Amnesty International Urges New EU force in Bosnia to Learn from NATO’s Mistakes
Thursday, July 22, 2004 11:50 AM

Amnesty International issued a press release on 12 July 2004 directed toward European Union foreign ministers as they adopted guidelines for the EU military operation (“ALTHEA”) that will be replacing the NATO-led SFOR mission in Bosnia-Herzegovina. AI stated its concerns that SFOR has failed to adhere to international human rights law standards, including instances of arbitrary arrest and the ill-treatment of detainees. AI attributed SFOR’s failures partly to a lack of adequate civilian control and appealed to the EU's ALTHEA mission to ensure the highest standards of troop behavior and accountability.

AI called on the EU to:

  • commit itself to abide fully by international human rights law, and to ensure that its standards are applied in ALTHEA operations;
  • establish a centralized system of civilian control over ALTHEA;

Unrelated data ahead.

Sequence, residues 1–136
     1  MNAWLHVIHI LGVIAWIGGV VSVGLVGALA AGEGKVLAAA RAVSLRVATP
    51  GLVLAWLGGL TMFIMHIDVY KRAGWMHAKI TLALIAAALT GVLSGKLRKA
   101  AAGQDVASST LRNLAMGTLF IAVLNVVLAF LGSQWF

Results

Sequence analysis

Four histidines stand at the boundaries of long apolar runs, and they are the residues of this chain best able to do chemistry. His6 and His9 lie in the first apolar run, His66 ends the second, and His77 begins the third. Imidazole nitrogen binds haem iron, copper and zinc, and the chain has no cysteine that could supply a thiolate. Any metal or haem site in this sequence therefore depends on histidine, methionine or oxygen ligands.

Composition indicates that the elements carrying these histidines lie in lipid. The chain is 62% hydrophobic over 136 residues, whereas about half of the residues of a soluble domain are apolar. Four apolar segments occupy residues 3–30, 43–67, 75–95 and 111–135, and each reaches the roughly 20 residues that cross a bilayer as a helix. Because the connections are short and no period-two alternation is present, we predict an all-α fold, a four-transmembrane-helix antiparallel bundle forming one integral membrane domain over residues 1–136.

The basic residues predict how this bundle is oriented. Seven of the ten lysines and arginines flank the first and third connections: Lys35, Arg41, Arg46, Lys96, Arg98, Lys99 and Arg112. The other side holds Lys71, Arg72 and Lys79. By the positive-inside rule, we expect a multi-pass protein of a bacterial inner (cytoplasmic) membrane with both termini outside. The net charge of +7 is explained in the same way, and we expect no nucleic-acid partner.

• establish centralized and transparent procedures whereby allegations of human rights violations by ALTHEA members are thoroughly and impartially investigated and disciplinary procedures and criminal proceedings are initiated against ALTHEA members who are reasonably suspected of having committed human rights violations;
  • grant jurisdiction to the Human Rights Ombudsman of Bosnia and Herzegovina over ALTHEA activities;
  • provide comprehensive and consistent training in international human rights standards to all ALTHEA personnel;
  • actively seek those indicted by the International Criminal Tribunal for the former Yugoslavia for genocide, war crimes and crimes against humanity, coordinating its activities with NATO forces in Bosnia-Herzegovina where appropriate, with a view to arresting the suspects and transferring them to the Tribunal's custody;
  • immediately turn over to the competent authorities of Bosnia-Herzegovina all individuals detained by ALTHEA, for whom no arrest warrant was issued by the Tribunal;
  • discontinue SFOR’s current practice of arbitrary detention;
  • adopt a zero-tolerance policy towards any form of sexual exploitation, including prohibiting through disciplinary and criminal sanctions, the use of women and girls trafficked into forced prostitution;
  • ensure reparation, including paying appropriate compensation, to victims of human rights violations committed by its personnel.

For more information on the European Security and Defense Policy's ALTHEA mission to Bosnia, see the Council's conclusions of 12 July, 2004.